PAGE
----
Friday, June 12, 2009

What Errol Morris' Eye Missed Part V

For those joining in the middle, this series is in response to Errol Morris' "Bamboozling Ourselves," which recounts his examination of two recent books on the forger Han van Meegeren. What is missing from the series is an artistic and historical eye, which I have, in some way tried to supply. The first part of this is that we look at these forgeries ahistorically, in that recent methods of forensics, such as carbon dating, radiology, and chemistry, have allowed us to greatly refine our knowledge, and thus create an identity of a painter that is more focused than before.

James W Von Brunn is a holocaust denier, and on June 11th, he entered the Holocaust Museum in Washington DC, and began shooting "indiscriminately." It is easy to condemn such obvious insanity, and it is easy to censure the obvious horrors of the Third Reich. It is so easy, that we do it when we should be censuring far closer evils that we commit ourselves. The genocides of others, in other places, are easier to attack, than our own failings.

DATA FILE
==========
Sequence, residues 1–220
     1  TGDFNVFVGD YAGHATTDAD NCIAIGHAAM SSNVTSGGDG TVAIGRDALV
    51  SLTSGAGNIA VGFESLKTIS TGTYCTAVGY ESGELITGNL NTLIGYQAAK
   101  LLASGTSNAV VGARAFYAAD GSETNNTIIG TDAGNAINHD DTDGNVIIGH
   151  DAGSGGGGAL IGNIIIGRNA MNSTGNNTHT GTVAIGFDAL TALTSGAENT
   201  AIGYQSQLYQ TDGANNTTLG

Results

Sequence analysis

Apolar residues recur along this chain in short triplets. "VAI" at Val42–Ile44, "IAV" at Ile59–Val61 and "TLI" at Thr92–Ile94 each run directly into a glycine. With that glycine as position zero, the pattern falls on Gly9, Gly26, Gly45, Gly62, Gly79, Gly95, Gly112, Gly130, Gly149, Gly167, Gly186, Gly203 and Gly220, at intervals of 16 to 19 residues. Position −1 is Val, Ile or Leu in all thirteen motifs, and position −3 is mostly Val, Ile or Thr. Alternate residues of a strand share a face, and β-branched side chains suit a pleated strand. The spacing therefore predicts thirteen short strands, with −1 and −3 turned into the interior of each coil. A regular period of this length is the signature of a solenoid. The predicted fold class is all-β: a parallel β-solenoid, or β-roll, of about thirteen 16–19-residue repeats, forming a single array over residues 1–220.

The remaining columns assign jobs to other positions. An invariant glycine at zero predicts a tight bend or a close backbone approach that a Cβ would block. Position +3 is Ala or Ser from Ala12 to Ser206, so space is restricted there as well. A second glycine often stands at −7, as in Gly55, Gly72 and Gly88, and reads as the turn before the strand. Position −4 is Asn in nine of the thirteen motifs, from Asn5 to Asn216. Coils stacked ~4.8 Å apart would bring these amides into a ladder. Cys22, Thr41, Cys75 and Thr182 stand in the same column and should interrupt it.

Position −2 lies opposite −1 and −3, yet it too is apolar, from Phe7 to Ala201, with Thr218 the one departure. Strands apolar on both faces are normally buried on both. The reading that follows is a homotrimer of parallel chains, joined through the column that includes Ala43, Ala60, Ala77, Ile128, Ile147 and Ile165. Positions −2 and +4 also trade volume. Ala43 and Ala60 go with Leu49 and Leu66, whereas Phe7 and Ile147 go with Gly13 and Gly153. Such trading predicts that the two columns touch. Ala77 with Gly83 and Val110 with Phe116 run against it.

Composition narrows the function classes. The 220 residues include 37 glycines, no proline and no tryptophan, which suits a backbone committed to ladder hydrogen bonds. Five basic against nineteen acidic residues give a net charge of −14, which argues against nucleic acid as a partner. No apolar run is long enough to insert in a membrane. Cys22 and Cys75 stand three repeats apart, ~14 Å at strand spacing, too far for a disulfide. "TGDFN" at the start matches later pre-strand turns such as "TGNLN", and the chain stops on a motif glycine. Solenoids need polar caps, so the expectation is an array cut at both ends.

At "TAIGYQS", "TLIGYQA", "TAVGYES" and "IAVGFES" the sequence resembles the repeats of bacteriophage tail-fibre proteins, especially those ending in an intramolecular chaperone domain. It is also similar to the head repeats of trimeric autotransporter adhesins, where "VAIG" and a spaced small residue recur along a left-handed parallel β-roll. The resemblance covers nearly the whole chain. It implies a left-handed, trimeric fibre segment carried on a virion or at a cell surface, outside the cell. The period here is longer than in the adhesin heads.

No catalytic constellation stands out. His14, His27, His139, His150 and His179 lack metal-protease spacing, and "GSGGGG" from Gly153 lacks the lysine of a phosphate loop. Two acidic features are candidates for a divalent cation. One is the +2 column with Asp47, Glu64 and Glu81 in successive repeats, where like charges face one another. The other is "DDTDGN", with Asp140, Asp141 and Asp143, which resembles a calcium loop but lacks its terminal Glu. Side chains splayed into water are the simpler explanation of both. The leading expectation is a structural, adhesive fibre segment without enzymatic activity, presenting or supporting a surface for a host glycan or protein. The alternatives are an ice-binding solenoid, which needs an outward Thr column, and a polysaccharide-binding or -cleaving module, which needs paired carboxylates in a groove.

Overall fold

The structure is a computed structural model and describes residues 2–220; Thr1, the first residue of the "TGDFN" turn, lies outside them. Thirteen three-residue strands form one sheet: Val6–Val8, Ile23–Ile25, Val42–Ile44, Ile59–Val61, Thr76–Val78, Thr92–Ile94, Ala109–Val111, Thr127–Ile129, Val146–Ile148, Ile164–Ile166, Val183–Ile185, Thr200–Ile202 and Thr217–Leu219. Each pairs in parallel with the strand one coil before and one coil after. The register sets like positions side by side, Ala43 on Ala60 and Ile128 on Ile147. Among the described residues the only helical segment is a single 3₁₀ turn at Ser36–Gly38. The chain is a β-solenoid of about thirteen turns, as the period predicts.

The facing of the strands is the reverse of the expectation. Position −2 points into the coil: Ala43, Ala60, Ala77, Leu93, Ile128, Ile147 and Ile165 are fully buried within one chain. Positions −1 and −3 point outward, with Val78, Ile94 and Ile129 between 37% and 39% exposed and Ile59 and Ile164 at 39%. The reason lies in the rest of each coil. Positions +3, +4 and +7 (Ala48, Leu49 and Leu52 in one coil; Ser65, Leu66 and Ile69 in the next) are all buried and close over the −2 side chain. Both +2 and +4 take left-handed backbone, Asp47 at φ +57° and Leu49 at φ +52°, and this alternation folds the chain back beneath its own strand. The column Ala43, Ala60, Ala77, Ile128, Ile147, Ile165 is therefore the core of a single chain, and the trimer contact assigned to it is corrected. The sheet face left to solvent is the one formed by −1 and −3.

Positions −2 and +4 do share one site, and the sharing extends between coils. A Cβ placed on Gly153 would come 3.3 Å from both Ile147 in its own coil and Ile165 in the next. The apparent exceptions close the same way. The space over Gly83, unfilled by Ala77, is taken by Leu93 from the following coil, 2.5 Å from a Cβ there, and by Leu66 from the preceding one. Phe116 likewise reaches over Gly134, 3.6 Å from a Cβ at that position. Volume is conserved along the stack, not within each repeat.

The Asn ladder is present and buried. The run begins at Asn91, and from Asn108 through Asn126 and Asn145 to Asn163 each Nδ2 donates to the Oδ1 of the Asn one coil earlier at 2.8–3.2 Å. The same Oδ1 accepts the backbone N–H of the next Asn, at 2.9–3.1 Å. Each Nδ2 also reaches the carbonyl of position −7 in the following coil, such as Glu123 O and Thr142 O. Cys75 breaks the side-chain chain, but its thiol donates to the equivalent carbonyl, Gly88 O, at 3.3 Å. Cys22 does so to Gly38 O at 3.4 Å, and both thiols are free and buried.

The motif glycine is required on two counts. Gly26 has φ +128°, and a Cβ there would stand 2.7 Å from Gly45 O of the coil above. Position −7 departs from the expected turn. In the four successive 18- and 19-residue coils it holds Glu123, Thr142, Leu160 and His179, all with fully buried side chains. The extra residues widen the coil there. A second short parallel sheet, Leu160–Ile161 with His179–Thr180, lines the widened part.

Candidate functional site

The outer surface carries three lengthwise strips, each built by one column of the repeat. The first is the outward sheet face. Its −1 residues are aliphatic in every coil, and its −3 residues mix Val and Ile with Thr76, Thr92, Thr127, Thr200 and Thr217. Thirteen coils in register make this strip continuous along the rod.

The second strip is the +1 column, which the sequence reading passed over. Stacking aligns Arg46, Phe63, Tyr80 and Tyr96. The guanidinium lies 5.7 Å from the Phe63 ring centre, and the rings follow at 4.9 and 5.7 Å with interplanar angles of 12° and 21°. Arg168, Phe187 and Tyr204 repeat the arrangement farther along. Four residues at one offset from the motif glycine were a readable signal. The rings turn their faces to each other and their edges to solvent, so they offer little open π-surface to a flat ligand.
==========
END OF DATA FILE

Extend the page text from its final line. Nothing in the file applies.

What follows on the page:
van Meegeren's hoax is in the same category, in that it is easy to say that "those" people fooled themselves, and that the aesthetic which he practiced is dead. A closer examination of the aesthetics of his paintings shows that the easy explanation is not the simplest that is consistent with all of the facts.

The first layer of the aesthetic composition of van Meegeren's hoax is, importantly, that he becomes a painter, rather than a pastiche artist. His early forgery attempts clumsily insert elements, rather than maintaining a consistent "eye" framework. They have other defects as well, in that they contain decorative pieces which are anachronistic, and the use of blue which is only possible in Europe after 1704, with the creation of Prussian blue. Chinese vases meant for European export were white and blue in part, because blueness set them at fantastic contrast to the Europeans, who only had expensive Lapis Lazuli for blue. Early van Meegeren, then has the problem that his eye is industrialized: even if he sets himself a palette that is old, his extensive use of blue through out a composition marks it as incorrect. His choice of textiles is, likewise, industrialized. His drawing technique, based on modern ideas of drawing, is visible in the fruit arrangement.